All-Star Snubs? Try the Fans
By MATT "MONEY" SMITH
FOXSportsWest.com | PRIME TICKET
Feb. 4, 2011
Why are you angry?
Before you read any further, that's the first question you have to answer. Exactly what about Lamar Odom's exclusion from the NBA All-Star game has made you so upset? Is it because Odom is the consummate team player who has started and has come off the bench, and is posting All-Star quality numbers (15 points on 57% shooting and 10 rebounds per game) for a top-five team in the league? Was it LO's 20/20 game against the Rockets on Tuesday that ought to have put him over the top in the voter's minds? Whatever the reason for your anger over their exclusion at the benefit of Tim Duncan and Blake Griffin, get over it.
I am well aware that Duncan is having the worst statistical season of his career. I recognize that his numbers are well below those of Odom's, but his team is 41-8 and he's still their leader. Sure the Lakers are 14 games up on the Clippers in the standings and Griffin is the only reserve from a team with a losing record that was included on either roster. But Griffin is without question the talk of the NBA this season and he doesn't need to apologize for his 23 points and 13 rebounds per game.
The reason you need to get over it is because the guys who were snubbed are already past it themselves. Being included on an All-Star team these days amounts to little more than the size of the bonus you'll get from your employer for making the team. Do you realize in the last two years you had Danny Granger and Mo Williams on the team? Is it really a sign of respect to say you've been part of an exclusive coterie that's included Zydrunas Ilgauskas and Shareef Abdur-Rahim? No, they want more money. Guys who make 5 to 15 million dollars a year want the $20,000 to $50,000 bonus that comes with being named to the roster. So unless you're really bent that Odom got shortchanged in the pocketbook for his on-court performance, than once again, get over it.
When kicking around which of the celebrations of talent is the most worthless, it's hard to pass up the Association. The NBA All-Star game is the one mid-season exhibition I've never understood. Why don't the guys play defense? There's no rhyme or reason as to why the game bears absolutely no resemblance to a regular season or postseason contest. Are guys going to get injured if they decided to actually put the tiniest bit of effort in on the court when their team doesn't have the ball? Of course not.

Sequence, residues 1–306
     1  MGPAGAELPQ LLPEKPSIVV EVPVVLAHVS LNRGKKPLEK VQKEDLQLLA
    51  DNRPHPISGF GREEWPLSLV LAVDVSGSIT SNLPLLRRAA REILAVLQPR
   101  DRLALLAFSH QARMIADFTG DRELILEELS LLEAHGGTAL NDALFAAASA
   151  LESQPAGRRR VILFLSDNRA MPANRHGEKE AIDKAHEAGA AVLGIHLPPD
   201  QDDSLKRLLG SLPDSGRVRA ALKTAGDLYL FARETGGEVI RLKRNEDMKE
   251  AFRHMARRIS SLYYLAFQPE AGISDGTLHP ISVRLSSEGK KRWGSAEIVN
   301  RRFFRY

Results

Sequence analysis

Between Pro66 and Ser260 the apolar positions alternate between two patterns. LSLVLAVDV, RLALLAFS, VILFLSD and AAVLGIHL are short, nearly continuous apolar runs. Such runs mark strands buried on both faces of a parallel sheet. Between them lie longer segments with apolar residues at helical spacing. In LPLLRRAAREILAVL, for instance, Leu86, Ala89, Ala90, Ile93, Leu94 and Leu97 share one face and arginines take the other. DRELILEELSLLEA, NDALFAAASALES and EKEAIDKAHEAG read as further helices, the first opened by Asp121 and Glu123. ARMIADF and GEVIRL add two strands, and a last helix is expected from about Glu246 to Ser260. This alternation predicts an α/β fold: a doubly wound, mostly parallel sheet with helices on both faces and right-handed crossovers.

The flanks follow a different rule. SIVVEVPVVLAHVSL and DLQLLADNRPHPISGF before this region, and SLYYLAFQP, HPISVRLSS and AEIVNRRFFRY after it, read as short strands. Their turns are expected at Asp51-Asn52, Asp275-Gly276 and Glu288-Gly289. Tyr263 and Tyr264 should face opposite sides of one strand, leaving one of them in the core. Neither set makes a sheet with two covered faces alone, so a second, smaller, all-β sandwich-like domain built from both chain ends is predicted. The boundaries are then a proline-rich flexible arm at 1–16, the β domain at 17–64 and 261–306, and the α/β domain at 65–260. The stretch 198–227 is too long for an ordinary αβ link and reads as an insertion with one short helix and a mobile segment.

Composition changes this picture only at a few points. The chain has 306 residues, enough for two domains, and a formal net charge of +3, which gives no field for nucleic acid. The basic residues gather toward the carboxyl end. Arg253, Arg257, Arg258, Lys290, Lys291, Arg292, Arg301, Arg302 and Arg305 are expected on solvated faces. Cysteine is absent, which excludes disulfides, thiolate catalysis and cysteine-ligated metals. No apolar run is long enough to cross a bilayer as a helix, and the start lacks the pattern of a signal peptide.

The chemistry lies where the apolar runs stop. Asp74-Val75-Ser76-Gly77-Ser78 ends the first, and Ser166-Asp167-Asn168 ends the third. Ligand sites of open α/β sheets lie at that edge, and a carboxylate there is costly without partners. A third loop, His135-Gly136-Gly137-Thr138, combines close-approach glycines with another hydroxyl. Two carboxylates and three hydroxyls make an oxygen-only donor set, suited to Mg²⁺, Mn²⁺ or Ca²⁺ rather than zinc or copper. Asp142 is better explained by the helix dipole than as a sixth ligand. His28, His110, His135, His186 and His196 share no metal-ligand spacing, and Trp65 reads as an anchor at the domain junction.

You can talk all you want about the Pro Bowl and the NHL All Star game falling victim to the same no defense problem, but they have an excuse. Players in the NFL don't want to end a guy's career, put him out for next season, watch his value fall in free agency because he got a concussion, blew out a knee, tore up a shoulder or broke a wrist in an exhibition game. Those things happen in every single NFL contest. They are very large men, who run very, very fast and wreak havoc on one another's bodies when they collide. Not doing so after the season when you actually were one of the few who made it through unscathed while on a field in Hawaii is perfectly understandable.
In hockey, 6-3, 230-pound men flying around on skates at 20 miles per hour might feel a bit guilty about launching themselves into another player leaving nothing but steel and plastic boarding to lessen the impact of a hit. It's an exhibition, you don't need guys missing two shifts to get eight stitches put in above their right eyebrow because they didn't see the open ice hip check coming while they were streaking up the ice on a breakaway.
Baseball players are guilty of nothing more than wanting to skip out on the festivities all together. When you think about it, can you really blame them? When you have a schedule that sees you play 162 games between April and October, you're talking about 20 days off over the course of six months. The one time you could actually get back-to-back days free from work to be with your family is likely much more enticing than playing with a group of guys in Cincinnati over the course of a weekend in July. When the game starts, there's no question it's the only one that provides actual competition.
So what's the excuse for the NBA? Why can't they play defense? Why can't they actually try to win the game? What's the explanation for all the dunks, the lay-ups, the open jump shots and the complete absence of boxing out to get a rebound? The NBA All-Star game looks the way it does because of sheer laziness and complete complacency. The players don't try because they don't want to. You're not going to get injured by playing hard. You won't turn an ankle because you wanted to "d up" LeBron James. They simply choose not to play on the defensive side of the floor and that makes this particular All-Star game an embarrassment to the sport.
So if you're all bent out of shape over the exclusion of Odom, know the only thing he's upset about is not getting his money. Even if he did convince you that he genuinely wanted the honor of being named an All-Star, exactly what is he actually part of anyway?
Just 48 minutes of activity that barely resembles professional basketball.